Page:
Shelley Day’s novel The Confession of Stella Moon is available in both paperback and ebook.

Review – No Man’s Land, National Theatre Live at DCA, Dundee

I have been desperate to see a National Theatre Live performance for years now, but it’s something I’ve never quite gotten round to it. The initiative, that broadcasts National Theatre productions live to cinema venues around the world, has been spreading theatre joy since 2009 and ensuring that those of who don’t live near a National Theatre, don’t have to miss out on their spectacular productions.

When I finally got a ticket to see Harold Pinter’s classic play No Man’s Land, which was being broadcast live from the Wyndham’s Theatre in London, I was so excited to see how it was all going to work. As I made my way into Dundee Contemporary Art’s (DCA) cinema I was struck by how much it felt like I was entering an actual theatre. With beautiful views of Wyndham’s Theatre on the screen and the sounds of the audience’s chatter filling the room – the DCA contained that amazing pre-performance buzz, which I’ve never experienced in a cinema before.   

When the performance began – with the theatre’s curtain going up, the DCA audience were exceptionally quiet, taking great care not to chat or rustle their popcorn – it was as if we too were worried about distracting the actors.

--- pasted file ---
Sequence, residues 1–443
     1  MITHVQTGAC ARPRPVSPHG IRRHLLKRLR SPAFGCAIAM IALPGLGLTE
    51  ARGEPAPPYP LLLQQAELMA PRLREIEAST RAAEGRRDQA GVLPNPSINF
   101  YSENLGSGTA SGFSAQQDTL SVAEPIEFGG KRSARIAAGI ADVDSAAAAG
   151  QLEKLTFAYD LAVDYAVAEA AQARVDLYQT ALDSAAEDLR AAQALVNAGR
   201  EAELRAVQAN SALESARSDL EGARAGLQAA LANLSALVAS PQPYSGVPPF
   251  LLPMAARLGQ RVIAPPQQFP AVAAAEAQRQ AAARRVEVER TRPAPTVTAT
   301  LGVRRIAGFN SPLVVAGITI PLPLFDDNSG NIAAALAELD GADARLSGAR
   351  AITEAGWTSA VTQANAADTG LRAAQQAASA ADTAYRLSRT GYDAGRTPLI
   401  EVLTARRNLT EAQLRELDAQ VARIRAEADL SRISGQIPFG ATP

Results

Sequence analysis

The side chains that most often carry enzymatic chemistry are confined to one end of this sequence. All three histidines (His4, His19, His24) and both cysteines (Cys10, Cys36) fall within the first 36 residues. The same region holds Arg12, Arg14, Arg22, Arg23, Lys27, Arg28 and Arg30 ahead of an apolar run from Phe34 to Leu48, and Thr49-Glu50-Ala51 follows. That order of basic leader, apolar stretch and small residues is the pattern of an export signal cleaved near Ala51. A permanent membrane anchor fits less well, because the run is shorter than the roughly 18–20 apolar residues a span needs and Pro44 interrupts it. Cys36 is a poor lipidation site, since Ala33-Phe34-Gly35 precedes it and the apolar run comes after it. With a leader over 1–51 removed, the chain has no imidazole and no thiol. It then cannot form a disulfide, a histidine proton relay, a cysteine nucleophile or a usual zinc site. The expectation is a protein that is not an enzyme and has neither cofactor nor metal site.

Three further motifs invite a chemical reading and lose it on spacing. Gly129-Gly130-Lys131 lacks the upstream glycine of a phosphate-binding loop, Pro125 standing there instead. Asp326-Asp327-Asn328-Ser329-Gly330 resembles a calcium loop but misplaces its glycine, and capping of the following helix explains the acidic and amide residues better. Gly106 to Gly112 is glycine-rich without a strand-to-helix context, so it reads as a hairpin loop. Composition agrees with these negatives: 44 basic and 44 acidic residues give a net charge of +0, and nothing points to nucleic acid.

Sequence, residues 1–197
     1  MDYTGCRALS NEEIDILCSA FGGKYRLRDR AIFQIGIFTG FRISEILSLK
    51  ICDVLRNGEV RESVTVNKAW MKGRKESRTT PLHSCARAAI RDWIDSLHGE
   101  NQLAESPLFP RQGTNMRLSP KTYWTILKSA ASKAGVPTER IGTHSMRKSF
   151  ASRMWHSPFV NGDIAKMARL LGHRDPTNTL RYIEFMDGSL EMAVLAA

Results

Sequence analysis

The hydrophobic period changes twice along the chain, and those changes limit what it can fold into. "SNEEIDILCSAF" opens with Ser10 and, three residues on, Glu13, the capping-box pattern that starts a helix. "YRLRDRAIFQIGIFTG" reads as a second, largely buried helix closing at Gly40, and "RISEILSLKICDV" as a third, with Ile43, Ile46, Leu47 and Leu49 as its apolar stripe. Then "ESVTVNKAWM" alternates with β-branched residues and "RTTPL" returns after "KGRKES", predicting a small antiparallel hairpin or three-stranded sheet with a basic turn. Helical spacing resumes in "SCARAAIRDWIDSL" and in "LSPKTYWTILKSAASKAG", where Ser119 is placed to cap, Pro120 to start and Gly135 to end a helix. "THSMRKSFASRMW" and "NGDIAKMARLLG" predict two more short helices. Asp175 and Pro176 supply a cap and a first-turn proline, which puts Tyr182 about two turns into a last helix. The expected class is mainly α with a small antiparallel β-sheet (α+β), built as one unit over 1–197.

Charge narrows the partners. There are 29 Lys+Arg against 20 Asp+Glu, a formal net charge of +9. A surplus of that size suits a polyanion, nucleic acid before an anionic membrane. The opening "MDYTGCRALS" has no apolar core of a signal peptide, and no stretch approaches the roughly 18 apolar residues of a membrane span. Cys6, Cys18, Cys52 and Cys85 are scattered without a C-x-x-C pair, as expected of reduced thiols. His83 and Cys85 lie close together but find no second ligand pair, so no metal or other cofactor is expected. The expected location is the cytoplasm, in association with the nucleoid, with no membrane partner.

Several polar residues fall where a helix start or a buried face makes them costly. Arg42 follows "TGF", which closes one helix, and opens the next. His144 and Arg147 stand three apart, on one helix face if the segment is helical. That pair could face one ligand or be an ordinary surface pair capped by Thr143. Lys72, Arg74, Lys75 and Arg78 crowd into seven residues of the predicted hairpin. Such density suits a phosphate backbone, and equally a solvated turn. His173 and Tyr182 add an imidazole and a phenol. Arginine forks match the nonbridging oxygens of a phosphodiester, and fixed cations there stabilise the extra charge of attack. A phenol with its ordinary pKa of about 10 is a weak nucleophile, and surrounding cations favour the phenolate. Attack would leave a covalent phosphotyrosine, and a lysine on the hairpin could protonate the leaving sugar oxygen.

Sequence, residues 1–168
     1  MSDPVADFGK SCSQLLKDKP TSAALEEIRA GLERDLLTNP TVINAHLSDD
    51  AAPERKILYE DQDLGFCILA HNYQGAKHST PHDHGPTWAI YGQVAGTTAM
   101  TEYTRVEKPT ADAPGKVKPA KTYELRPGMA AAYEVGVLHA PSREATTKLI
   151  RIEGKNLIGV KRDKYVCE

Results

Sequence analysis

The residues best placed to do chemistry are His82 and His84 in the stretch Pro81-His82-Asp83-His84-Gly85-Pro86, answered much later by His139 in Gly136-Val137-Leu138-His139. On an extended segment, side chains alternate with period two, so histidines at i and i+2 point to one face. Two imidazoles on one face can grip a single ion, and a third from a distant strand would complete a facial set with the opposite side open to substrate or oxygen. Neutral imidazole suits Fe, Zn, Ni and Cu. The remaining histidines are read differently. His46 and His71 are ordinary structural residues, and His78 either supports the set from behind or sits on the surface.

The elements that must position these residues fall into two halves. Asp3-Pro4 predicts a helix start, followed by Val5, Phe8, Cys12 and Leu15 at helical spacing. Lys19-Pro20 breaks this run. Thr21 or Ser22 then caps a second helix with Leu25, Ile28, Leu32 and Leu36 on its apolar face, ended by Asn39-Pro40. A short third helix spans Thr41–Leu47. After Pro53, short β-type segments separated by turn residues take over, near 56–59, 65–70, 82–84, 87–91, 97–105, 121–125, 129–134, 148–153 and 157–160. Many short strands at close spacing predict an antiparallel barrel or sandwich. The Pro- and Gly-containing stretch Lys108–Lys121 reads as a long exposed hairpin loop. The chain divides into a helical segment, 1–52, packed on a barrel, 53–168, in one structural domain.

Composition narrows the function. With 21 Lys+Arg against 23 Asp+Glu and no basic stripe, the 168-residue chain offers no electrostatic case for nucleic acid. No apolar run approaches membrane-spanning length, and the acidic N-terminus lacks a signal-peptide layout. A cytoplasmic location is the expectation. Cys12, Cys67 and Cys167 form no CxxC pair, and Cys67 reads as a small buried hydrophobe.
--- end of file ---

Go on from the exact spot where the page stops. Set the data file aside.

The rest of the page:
The play was every bit as spectacular as I dreamt it would be. Pinter’s No Man Land is as poetic as it is dark and deliciously funny. Starring Sir Ian McKellen as Spooner and Patrick Stewart as Hirst, the story begins when the two ageing writers return to Hirst’s stately home after meeting for the first time in a pub on Hampstead Heath. As the pair become increasingly drunk, their friendly but boastful banter changes into something more serious and when they are joined by two younger men, the evening takes a sinister turn.

The small cast, which also included Owen Teale and Damien Molony, were superb and had both the theatre and cinema audience laughing along and gasping in equal turns. When the performance came to an end, I couldn’t stop myself from clapping along – it just felt rude not to!

After the event we were treated to a live question and answer from the four strong cast along with the Director of the play, Sean Mathias, which gave both audiences fresh insight into Harold Pinter’s original play, 41 years on.

I left feeling richer for having seen my first National Theatre production and very much looking forward to seeing the next one live at the DCA.

National Theatre Live are broadcasting a number of theatre productions in 2017, including Saint Joan, Amadeus, Hedda Gabler and the Twelfth Night all of which will be shown at the DCA. For more information and to book tickets, visit: www.dca.org.uk

*Disclaimer – I was provided with a ticket for this showing of No Man’s Land in exchange for a fair and honest review.